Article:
Vitamin A may be the key to saving infants with a potentially fatal bowel disease, according to new research from Johns Hopkins. The study adds to growing evidence of the vitamin’s anti-inflammatory powers.
Between 5 and 10 percent of premature babies develop necrotizing enterocolitis, a severe form of bowel disease that’s a kind of gangrene of the intestine. Tissue in the babies’ intestines becomes inflamed and dies, causing lifelong digestive, lung and other impairments if the infants survive. Many don’t. It kills one in four infants who contract the disease.
The researchers focused on newborn mice with the rodent version of necrotizing enterocolitis. They fed mice with the disease 50 micrograms of vitamin A daily for four days, an amount considered a fairly low dose, according to a university release about the research. When they looked at the intestines of the diseased mice fed vitamin A, they looked more like healthy intestines than diseased ones.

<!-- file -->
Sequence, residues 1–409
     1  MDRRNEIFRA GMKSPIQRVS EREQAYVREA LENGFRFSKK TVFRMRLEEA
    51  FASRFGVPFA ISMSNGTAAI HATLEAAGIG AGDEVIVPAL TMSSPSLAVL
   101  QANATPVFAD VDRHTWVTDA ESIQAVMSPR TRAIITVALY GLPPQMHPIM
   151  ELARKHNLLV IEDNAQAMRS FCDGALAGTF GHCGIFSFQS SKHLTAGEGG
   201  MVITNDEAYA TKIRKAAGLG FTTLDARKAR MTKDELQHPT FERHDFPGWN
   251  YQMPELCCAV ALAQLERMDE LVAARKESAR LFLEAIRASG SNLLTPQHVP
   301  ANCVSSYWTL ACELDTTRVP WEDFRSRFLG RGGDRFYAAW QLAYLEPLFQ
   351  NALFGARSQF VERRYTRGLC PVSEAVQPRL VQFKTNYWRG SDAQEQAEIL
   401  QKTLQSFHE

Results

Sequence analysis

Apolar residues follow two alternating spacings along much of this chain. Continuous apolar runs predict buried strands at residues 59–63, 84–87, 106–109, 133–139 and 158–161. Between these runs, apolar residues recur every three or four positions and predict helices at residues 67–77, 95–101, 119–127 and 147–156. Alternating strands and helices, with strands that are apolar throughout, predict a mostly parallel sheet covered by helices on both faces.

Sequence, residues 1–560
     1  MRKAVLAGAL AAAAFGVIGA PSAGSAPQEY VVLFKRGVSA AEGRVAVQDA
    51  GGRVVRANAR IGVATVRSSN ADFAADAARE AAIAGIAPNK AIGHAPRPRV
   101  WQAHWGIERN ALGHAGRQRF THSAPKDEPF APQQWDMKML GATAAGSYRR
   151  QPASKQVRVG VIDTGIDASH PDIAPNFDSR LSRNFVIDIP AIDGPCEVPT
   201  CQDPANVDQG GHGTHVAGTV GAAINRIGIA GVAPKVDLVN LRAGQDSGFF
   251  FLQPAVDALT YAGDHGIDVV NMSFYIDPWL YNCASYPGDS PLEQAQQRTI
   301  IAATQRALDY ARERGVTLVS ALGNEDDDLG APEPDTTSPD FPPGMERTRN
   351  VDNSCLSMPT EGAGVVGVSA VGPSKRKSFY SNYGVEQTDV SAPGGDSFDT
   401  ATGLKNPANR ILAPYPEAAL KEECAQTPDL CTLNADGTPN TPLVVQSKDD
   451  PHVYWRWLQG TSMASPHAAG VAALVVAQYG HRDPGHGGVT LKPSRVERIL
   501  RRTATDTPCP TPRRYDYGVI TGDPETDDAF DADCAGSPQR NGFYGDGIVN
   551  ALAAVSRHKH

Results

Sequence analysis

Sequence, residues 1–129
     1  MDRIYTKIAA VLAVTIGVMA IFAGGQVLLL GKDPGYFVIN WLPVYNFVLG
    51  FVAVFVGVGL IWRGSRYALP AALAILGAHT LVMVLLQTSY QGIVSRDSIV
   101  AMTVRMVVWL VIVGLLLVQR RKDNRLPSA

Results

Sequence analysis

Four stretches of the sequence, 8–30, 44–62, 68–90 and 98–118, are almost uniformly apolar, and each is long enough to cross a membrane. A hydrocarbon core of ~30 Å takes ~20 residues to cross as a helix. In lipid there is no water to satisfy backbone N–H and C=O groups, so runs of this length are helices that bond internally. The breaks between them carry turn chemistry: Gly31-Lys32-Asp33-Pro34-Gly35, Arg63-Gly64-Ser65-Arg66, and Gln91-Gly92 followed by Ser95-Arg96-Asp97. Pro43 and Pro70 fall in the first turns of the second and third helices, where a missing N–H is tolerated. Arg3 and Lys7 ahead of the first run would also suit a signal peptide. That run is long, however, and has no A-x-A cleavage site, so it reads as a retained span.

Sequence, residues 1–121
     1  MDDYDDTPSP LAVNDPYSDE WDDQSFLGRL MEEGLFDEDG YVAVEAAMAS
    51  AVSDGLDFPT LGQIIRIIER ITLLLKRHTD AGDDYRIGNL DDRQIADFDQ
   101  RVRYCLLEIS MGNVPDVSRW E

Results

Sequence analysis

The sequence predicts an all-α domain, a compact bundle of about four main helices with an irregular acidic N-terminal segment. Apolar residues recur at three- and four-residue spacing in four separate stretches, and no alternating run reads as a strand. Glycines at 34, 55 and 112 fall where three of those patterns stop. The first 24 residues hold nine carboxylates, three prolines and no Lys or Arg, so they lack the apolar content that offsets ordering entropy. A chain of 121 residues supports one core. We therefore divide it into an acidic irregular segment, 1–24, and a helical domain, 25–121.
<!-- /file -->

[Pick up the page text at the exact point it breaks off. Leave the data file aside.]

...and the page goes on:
"It's amazing and maybe a little humbling to think that a naturally occurring vitamin might put out the fire of such a devastating disease," study author David Hackam, M.D., Ph.D., surgeon-in-chief at the Johns Hopkins Children's Center and professor of surgery at the Johns Hopkins University School of Medicine said in the release. "It's a nasty disease for which there isn't reliable treatment, and certainly no specific cure."
The research was published in the Journal of Clinical Investigation. Prebiotics may prove to be another relatively simple therapy for infants with necrotizing enterocolitis, according to recent research published in the Journal of Parenteral and Enteral Nutrition.